The Sd.Kfz.268 variant differed from the 267 by mounting a Fu 7 transmitter/receiver for aerial communications instead of the Fu 8 radio set.
Only 17 Panzerbefehlswagen IV were produced from scratch, while 88 others were converted from already built Panzer IV Ausf.J tanks.
Other vehicles based on the Panzer IV hull received modifications to speed up production similar to those on the Panzer IV Ausf.J, such as the Sturmgeschütz IV and the FlaKpanzer IV ‘Wirbelwind‘, ‘Ostwind‘ and ‘Kugelblitz’. The Panzer IV/70(A) tank destroyers also received similar modifications such as the adoption, in the last vehicles coming out of the factories, of the Drahtgeflechtschürzen.
The Panzer IV Ausf.J was a variant of the Panzer IV that cannot be declared a straight-out improvement. Its ease of production was much improved, with almost 3,500 being produced in 16 months at the time when the German industry was being destroyed by bombing, with fewer and fewer specialized workers available and with an acute shortage of raw materials.
On the battlefields, it was still dangerous for opposing vehicles, even if it was vulnerable to the T-34-85 and M4 Shermans armed with 76 mm cannons. However, the loss of the automatic turret rotation mechanism had led to a significant reduction in capabilities.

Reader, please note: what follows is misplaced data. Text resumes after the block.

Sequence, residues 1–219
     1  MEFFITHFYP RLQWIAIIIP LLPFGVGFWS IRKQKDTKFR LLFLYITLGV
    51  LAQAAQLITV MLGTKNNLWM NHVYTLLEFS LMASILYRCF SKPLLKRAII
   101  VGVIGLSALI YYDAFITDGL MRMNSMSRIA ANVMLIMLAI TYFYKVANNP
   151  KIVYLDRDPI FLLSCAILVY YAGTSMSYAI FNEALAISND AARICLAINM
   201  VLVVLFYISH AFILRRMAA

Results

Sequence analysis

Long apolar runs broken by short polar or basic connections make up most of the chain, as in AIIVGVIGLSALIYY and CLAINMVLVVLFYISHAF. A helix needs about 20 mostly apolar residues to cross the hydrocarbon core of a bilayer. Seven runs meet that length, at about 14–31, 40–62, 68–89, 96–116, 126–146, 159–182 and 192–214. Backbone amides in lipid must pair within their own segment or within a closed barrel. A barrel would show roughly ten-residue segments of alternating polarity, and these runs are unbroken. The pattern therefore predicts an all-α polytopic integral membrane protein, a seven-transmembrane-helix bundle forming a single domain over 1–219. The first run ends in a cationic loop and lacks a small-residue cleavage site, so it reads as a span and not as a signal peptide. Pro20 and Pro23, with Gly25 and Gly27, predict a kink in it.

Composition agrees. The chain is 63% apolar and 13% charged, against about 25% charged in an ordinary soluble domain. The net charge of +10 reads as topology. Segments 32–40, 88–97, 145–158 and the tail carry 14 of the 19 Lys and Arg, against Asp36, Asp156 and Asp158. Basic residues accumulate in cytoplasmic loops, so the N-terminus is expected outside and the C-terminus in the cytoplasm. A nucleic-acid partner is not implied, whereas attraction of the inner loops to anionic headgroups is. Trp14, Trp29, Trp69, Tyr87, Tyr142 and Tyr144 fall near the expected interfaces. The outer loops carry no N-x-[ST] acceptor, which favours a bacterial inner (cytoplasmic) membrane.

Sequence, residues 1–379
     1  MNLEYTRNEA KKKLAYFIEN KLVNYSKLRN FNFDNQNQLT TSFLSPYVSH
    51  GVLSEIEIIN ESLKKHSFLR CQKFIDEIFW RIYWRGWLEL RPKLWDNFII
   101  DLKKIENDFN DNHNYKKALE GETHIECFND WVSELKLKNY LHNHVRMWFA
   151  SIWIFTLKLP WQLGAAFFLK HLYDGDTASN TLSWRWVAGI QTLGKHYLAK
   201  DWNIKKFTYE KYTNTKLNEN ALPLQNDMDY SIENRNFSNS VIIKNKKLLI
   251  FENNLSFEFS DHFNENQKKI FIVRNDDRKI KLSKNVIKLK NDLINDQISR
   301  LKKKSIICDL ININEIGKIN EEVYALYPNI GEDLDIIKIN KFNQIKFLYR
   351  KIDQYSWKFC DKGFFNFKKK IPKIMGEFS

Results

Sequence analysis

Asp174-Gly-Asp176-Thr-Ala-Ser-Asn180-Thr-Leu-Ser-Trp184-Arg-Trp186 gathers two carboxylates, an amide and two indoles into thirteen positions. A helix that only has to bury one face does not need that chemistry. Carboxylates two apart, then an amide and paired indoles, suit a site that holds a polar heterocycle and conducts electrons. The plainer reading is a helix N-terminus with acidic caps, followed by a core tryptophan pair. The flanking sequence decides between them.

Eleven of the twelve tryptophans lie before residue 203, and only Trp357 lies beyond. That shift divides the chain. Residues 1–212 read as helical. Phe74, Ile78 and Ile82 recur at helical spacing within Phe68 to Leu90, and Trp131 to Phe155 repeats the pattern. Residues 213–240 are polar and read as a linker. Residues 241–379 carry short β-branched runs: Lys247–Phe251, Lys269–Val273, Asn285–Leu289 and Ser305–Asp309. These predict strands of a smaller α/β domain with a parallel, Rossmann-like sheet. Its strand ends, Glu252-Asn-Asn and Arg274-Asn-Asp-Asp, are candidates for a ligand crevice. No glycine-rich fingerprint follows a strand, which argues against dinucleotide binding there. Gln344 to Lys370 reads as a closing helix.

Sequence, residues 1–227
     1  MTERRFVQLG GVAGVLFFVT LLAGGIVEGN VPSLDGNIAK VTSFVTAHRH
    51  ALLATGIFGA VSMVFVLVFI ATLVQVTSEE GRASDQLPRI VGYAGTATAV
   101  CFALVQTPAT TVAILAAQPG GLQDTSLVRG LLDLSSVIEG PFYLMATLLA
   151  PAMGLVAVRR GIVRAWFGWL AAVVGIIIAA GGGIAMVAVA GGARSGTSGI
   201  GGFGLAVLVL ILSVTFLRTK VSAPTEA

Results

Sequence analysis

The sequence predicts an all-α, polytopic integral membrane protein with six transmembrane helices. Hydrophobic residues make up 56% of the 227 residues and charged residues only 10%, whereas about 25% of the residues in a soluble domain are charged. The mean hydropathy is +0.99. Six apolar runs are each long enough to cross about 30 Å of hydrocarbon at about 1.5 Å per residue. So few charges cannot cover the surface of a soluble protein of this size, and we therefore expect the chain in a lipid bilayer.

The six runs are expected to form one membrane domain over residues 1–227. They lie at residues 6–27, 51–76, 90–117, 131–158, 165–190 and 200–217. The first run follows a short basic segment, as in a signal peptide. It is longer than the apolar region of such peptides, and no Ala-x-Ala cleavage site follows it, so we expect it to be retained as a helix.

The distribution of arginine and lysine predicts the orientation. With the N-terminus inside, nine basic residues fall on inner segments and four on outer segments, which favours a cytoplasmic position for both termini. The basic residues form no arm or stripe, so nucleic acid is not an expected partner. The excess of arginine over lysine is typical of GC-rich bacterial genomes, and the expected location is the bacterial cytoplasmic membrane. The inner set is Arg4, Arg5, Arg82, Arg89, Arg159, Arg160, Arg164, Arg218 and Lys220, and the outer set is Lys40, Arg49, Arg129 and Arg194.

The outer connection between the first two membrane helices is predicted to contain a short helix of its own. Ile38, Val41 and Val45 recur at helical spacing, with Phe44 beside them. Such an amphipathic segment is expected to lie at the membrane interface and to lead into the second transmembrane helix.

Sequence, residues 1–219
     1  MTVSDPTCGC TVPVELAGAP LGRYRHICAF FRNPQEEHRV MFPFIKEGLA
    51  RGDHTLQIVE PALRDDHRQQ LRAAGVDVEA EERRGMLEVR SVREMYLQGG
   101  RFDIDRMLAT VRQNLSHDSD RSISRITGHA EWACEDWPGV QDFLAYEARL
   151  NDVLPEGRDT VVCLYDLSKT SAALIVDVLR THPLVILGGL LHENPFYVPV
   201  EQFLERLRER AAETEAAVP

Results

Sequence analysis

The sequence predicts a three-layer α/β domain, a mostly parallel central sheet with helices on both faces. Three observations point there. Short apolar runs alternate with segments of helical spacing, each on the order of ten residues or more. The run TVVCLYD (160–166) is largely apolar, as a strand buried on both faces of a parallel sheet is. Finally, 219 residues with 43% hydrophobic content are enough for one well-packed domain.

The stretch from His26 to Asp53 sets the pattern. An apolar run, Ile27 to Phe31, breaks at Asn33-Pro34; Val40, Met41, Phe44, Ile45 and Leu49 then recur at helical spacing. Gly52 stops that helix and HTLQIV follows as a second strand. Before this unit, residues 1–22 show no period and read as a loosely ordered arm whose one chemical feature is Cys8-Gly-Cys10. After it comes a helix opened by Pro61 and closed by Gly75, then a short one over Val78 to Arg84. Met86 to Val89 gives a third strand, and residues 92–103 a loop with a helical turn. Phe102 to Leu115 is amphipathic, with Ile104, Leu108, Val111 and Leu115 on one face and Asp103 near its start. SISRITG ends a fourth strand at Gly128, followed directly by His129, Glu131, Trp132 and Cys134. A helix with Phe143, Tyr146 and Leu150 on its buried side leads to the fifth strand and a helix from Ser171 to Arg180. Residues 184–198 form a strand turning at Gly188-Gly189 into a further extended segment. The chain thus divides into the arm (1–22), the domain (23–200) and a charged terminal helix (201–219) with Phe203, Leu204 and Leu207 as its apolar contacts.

|Dimensions (L-W-H)||5.92 m x 2.83 m x 2.68 m|
|Total weight, battle-ready||25 tonnes|
|Crew||5 Commander, Gunner, Loader, Radio Operator/hull machine gunner, and driver|
|Propulsion||Maybach HL 120 TRM V-12, water-cooled gasoline 320 HP at 3000 rpm|
|Speed||Max.38 km/h, on-road 25 km/h, cross country 15 km/h|
|Range||320 km on road; 210 km off-road|
|Primary Armament||7.5 cm KwK 40 L/48 with 86 rounds|
|Secondary Armament||Two or three M.G.34 calibers 7.92 mm 3150 rounds|
|Turret Armor||50 mm front, 30 mm sides, and rear|
|Hull Armor||Hull 80 mm front, 50 mm sides, and 30 mm rear|
Panzer Tracts No.4 Panzerkampfwagen IV Grosstraktor to Panzerbefehlswagen IV – Thomas L. Jentz
Panzer Tracts No.4 Panzerkampfwagen IV Ausf.H/Ausf.J, 1943 to 1945 – Hilary Louis Doyle, Lukas Friedli and Thomas L. Jentz
Sd.Kfz.161 Panzer IV Ausf.J – Krzysztof Mucha
Panzer IV & its Variants – Walter J. Spielberger
Panzer IV: The Panzerkampfwagen IV Medium Tank, 1939-1945 – Kevin Hjermstad